Sunday, June 28, 2009

Day One

What a week. Who knew the jump from being a medical student to a resident could be so big? My first day was Wednesday. I donned my long white coat and headed out the door at 4:30am to begin my rotation on GYN Oncology. I started pre-rounding on my patients, collecting vitals, lab results, fluid ins and outs – nothing I hadn’t done before as a medical student. After rounds, when the attending physician, fellow, and resident headed down to the OR, is when the terror began. All of a sudden my pager goes into overdrive with calls from the nurses. “Patient A is complaining of pain – what do you want to write for her? Patient B is tachycardic, what do you want to do? Patient C has drainage from her incision site, can you come take a look at it?” And as I stand at the patient’s bedside, a nurse and two nurse assistants eagerly await my response. I look down at the patient. And yes, I see a stapled incision down her abdomen. Draining pinkish fluid. Crap. Now what?!? As their eyes burn holes into the back of my head, I think to myself, “Man, I wish my last surgery rotation wasn’t 10 months ago…” Trying to use my brain was like trying to pedal the wheels on a very rusty bicycle. It just didn’t…want…to…work…
“Would you like me to place a pressure dressing doctor?” The clouds parted and the light of heaven shone down on me that moment. “Why yes, nurse! Yes, I would!”

As a brand spanking new intern, that’s the moment you realize that:
1. You are no longer a med student.
2. You are calling the shots.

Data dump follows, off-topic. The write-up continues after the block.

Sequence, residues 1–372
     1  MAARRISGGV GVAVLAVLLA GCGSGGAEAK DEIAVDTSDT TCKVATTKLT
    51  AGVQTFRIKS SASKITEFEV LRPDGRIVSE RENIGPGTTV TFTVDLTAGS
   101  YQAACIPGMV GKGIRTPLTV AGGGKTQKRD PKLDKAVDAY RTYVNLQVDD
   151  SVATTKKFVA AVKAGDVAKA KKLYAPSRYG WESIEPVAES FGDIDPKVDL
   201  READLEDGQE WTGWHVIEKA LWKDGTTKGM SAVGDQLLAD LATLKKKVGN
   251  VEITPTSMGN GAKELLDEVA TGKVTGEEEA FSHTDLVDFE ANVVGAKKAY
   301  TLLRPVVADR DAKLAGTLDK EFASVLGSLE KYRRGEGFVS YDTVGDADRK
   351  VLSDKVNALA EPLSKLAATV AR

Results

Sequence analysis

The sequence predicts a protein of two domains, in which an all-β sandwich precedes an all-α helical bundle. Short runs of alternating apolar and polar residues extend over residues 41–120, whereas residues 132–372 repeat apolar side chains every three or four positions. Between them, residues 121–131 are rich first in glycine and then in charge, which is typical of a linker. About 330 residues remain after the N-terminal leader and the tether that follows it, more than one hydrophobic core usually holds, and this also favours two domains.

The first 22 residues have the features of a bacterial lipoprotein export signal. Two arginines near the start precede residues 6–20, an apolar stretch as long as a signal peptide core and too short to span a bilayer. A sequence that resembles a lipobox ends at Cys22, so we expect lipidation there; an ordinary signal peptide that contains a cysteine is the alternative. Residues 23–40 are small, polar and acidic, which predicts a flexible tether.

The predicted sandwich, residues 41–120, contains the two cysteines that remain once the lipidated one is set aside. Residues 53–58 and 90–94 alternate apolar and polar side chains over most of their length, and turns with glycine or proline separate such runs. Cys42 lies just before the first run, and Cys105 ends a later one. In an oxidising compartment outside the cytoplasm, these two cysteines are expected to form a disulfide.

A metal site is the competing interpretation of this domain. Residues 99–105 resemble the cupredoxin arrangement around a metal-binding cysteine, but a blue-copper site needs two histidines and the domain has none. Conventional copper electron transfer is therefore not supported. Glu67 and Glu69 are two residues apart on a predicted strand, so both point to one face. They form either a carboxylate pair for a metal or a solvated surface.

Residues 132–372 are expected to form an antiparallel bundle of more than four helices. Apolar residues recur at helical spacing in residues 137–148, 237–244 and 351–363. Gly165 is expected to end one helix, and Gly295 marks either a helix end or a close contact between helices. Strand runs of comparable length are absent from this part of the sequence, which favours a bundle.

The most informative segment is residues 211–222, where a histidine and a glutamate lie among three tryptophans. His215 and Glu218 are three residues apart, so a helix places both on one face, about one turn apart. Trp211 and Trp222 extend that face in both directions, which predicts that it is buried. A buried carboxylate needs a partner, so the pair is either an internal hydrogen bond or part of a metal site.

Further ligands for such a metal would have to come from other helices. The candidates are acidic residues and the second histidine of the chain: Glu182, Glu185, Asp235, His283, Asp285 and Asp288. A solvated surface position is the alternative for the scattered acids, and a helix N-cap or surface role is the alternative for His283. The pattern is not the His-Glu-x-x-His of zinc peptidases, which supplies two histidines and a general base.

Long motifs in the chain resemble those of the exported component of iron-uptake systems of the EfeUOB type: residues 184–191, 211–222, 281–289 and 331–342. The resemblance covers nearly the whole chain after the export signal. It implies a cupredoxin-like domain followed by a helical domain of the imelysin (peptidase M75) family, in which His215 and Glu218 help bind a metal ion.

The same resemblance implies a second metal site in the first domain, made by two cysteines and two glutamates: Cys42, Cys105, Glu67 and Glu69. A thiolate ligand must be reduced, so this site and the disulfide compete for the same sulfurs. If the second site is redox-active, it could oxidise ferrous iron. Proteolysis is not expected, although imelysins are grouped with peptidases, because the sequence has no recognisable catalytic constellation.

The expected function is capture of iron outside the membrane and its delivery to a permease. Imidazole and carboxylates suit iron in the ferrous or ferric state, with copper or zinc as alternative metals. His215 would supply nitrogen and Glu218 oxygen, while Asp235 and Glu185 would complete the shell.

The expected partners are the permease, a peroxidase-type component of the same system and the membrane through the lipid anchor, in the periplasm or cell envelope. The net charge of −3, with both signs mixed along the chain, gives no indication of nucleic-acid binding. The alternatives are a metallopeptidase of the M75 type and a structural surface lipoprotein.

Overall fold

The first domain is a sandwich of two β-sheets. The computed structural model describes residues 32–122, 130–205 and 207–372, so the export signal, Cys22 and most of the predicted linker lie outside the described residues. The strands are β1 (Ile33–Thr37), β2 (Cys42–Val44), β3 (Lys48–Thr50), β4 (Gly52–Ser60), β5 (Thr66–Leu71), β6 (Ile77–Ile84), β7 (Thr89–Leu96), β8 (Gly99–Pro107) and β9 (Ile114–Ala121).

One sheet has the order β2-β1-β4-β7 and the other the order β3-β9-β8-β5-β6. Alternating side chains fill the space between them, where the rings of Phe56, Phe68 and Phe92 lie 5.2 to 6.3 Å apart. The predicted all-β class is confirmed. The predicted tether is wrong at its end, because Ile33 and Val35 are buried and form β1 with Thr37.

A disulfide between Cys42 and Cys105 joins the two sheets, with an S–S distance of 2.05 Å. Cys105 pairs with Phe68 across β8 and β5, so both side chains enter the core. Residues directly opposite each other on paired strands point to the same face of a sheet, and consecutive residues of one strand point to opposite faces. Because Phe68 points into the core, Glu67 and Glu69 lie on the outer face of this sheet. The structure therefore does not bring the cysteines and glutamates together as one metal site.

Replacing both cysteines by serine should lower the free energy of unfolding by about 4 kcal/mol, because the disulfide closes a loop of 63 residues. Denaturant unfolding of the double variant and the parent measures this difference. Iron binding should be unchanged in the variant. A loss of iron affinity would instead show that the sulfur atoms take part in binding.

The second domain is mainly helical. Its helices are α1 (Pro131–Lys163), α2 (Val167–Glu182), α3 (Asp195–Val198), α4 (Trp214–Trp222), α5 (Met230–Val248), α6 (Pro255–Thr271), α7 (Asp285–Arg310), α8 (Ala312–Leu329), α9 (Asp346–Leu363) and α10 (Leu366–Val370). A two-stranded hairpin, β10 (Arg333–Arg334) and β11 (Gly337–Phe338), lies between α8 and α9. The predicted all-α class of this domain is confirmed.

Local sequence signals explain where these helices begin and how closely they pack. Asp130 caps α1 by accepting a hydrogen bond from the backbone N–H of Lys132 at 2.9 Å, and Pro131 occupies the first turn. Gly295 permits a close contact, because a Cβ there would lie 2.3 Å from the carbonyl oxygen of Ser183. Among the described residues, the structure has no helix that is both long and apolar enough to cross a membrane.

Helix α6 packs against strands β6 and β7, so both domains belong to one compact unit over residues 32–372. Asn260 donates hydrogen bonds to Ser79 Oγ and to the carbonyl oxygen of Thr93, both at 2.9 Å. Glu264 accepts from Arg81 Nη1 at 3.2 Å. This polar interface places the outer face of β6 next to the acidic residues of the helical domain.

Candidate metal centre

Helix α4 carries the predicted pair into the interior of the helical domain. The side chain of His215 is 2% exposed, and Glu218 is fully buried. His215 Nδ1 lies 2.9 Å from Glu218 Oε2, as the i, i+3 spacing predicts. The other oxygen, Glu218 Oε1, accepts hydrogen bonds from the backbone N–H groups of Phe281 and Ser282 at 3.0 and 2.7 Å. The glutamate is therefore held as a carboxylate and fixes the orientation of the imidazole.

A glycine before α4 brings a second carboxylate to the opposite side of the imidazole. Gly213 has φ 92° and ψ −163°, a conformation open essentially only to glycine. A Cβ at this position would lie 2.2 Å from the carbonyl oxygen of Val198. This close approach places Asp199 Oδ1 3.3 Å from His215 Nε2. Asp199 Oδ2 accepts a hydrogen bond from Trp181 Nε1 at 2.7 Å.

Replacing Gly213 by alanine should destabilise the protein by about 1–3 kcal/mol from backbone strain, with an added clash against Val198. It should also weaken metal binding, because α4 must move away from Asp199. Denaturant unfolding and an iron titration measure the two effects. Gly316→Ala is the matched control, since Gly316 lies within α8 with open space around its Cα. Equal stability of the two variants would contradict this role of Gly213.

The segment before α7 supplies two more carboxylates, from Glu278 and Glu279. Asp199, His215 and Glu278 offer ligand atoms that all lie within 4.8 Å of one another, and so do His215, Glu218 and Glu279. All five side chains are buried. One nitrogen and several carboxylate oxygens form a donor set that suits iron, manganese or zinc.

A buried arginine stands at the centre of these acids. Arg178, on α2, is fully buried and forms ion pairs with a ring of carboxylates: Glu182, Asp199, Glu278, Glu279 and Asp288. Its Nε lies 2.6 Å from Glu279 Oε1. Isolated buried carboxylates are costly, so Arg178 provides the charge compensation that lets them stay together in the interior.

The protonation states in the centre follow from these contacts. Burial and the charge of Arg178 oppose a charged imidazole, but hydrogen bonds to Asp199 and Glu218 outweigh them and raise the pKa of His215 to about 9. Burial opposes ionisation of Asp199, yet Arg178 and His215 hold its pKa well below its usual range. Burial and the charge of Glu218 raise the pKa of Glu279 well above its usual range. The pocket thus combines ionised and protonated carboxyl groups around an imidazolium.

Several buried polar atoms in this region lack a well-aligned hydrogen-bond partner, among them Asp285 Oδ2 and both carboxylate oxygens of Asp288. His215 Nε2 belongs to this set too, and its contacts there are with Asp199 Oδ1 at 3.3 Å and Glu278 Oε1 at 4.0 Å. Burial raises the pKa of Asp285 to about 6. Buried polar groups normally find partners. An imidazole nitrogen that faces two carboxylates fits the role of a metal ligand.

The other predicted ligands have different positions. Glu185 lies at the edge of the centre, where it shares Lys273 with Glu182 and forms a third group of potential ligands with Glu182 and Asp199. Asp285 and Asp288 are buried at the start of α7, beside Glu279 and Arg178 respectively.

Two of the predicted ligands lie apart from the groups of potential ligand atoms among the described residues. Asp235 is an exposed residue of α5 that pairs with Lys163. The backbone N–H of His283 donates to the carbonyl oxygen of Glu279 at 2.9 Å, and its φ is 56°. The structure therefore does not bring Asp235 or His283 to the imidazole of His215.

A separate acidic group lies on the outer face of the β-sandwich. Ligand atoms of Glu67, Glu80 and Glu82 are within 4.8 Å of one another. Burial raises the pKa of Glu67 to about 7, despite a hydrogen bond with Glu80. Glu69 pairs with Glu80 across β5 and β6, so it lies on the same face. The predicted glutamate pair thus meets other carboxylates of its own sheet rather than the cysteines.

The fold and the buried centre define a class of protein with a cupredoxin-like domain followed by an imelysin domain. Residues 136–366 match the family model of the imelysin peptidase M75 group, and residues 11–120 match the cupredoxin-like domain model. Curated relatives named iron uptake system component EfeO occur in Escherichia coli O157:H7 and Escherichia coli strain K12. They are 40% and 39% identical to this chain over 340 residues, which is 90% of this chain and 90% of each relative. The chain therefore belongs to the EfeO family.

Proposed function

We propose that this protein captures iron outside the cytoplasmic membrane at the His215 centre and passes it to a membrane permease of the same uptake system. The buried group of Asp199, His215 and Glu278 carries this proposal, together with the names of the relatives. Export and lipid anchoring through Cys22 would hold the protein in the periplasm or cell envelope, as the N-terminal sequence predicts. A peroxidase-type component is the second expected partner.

3. You have no idea what you are doing.

Can you say PANIC?!?

Many times, my non-medical friends ask me if life in the hospital is really like what they have seen on T.V. Their idea of practicing medicine is composed of the life-saving heroism on ER, the incestuous romance of Grey’s Anatomy, and the intellectual masturbation of House. I am here to say that it is all baloney. If you really want to know what residency is like, the show to watch is Scrubs. And my present life resembles Season 1. The intern that doesn’t know what she’s doing. The nurses who go through this every June and graciously fill me in on the many things I don’t know. (“Doctor, I think you want to write for Morphine 2mg every 4 hours for her breakthrough pain, right?”) The senior physicians who expect you to know it all already (or at least pretend to).

Somehow, I think all of us medical students have the idea that when we start residency, our brains will somehow already be filled with the basic information necessary to take care of patients. Ha! If only it was that easy, my friends.

1 comment:

  1. My initial reaction to your first day blog is as follows:

    1. Stapled incision draining pink fluid? Gross! Yuck! Puke! I am getting squimish just thinking of it. I can't take that at all. I would need to be a type of doctor that does not deal with gross stuff or the human body. Kind of like Doctor Phil, but I can't grow a full moustache and I still want to wear the white coat.

    2. Your blog needs to focus more attention on nurses. And not the type of attention that details their level of helpfulness, knowledge base or competency level. BO-RING! Your blog needs to detail their level of attractiveness. Now, now; I know that your feminist roots and level of professionalism prevent you from delving into the level of explicit detail I would prefer, but I think that we can agree on the following descriptions for a rating system:

    a. I need my morphine drip increased to be with her;
    b. I would let her give me a spounge bath if my friends never find out;
    c. Yes please, she could put a catheter in me anyday of the week and twice on Sundays.

    3. I am glad that you gave me another reason to watch Scrubs. Did you know that although last season was supposed to end the show, they are going to do a ninth season where Doctor Cox and Turk teach at Med School?

    4. Please send me a blank prescription pad. STAT!

    5. Good to great job on your blog. Enjoyed it immensly. Miss you.